Book of Negroes, Part 6 (Ending)

Summary

At the beginning of this reading, Aminata was leaving with the slave traders to try and return to her home village of Bayo. Despite numerous warnings from the people around her, Aminata decided to proceed with this search.

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A couple weeks into the journey, Aminata began to grow ill. While she was resting one day, she heard the slave traders’ conversation and realized they intended to sell her back into slavery. Deciding she valued her freedom far more than the chance of returning home, Aminata sneaked away from the traders. She eventually came upon an African village and sought shelter there until she got well again.

In that village, Aminata told the Africans the stories of her travels, and her journeys as a slave and as a free black. They were fascinated by her tales, and Aminata finally became the djeli (storyteller) she had longed to be since childhood.

storyteller

After leaving the village, Aminata decided to sail to London. There she met up with John Clarkson once more, and began helping him and his fellow Abolitionists with their cause. The Abolitionists asked Aminata to write down the story of her life, and she agreed on the terms that she would be able to tell the story in the way that she wanted.

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Later on, Aminata was reunited with her daughter, May, who had escaped from the Witherspoons. The story ends with Aminata waiting news from the publisher (who happened to be May’s fiance) about her book.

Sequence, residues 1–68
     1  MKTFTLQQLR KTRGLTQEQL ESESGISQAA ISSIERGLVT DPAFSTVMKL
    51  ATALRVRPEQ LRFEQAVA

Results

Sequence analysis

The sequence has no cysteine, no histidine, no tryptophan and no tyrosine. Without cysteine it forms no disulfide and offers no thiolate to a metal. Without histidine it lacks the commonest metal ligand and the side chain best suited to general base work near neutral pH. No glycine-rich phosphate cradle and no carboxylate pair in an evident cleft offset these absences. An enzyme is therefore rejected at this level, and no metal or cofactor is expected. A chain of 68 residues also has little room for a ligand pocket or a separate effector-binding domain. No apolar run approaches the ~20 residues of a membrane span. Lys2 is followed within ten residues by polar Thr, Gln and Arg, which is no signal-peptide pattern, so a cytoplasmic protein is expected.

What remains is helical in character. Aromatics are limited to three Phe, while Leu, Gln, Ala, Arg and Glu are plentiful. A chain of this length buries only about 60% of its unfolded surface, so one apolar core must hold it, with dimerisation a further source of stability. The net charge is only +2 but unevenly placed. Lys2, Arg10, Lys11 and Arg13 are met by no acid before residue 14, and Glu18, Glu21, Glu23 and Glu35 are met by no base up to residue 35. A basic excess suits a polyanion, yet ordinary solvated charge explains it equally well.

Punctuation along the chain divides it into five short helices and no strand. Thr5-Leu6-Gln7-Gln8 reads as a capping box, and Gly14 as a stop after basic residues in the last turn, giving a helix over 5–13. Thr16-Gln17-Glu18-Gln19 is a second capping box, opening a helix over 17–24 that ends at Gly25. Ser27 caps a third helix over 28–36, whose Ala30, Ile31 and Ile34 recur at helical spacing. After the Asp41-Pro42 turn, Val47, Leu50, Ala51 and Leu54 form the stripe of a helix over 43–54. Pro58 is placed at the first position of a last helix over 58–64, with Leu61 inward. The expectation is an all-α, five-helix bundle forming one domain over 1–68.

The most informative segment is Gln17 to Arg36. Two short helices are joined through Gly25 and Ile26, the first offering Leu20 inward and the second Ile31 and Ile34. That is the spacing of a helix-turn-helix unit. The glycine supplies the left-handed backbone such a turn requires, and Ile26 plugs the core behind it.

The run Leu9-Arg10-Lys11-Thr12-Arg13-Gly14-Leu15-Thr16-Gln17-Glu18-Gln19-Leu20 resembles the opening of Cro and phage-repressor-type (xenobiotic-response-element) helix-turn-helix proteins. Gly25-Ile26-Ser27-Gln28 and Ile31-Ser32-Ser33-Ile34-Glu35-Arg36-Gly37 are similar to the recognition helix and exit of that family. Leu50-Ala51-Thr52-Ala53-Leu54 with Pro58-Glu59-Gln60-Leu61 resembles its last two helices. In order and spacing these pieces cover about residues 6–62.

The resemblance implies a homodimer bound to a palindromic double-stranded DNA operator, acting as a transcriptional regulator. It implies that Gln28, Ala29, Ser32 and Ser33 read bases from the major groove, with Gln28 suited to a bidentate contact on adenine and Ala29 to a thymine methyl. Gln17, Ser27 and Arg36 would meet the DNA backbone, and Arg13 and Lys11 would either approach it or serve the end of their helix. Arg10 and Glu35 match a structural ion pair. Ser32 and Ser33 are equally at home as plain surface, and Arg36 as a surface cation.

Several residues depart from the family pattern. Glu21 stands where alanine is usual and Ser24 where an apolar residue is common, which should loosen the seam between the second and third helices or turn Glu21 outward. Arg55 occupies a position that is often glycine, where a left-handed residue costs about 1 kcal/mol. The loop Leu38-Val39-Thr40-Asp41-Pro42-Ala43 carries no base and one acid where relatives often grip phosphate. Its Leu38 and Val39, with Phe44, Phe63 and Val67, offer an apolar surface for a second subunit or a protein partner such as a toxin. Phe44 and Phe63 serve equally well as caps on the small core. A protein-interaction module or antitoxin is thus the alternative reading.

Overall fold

Reflection

I was a bit disappointed by the ending of this book. I felt that it was much too predictable, and furthermore I thought the ending was rather anticlimax. I had the same issues as the last section, with Aminata being portrayed as too perfect, and everyone else holding her to an unrealistically high esteem.

I had hoped for something a bit more climatic for the ending to this book, since so many events have happened. The Slave Trade was abolished in England in 1807 – a mere five years after this book’s ending. I felt that Lawrence Hill could have changed the years of Aminata’s life just a bit so that we could get her perspective on the ending of the slave trade. I felt that getting her opinion on something like that would be a much more interesting ending than just her waiting to hear about her book being published.

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2 thoughts on “Book of Negroes, Part 6 (Ending)

  1. I agree with you completely – I, too, was disappointed by the predictability of the end of the novel. It felt cheap and rushed yet unrealistic too. Overall, I felt cheated by Hill when I finished the novel because it had such promise in the first few sections but seemed to fall flat in the end. I’m not sure that there would be a way to end the novel without doing an injustice to the first three books, however. Because Hill chose to narrate the book in past tense as Aminata’s story from London we know that Aminata survives all of the atrocities she faces, which is rather disappointing. It’s sort of like starting to read a book and knowing that there are multiple novels afterwards so you know that the main character lives. I think that the only way for this to end well would have been Aminata’s death, which would have been equally weak and is, generally, a poor writing technique for a professional to utilize.

    Liked by 1 person

  2. Although it was very predictable, I felt that the ending was suitable after the many traumatizing events that happened to Aminata throughout her life. There was promise that the book was going to steer in the direction of how the slave trade was abolished; it was not included in the ending which was disappointing.

    Liked by 1 person

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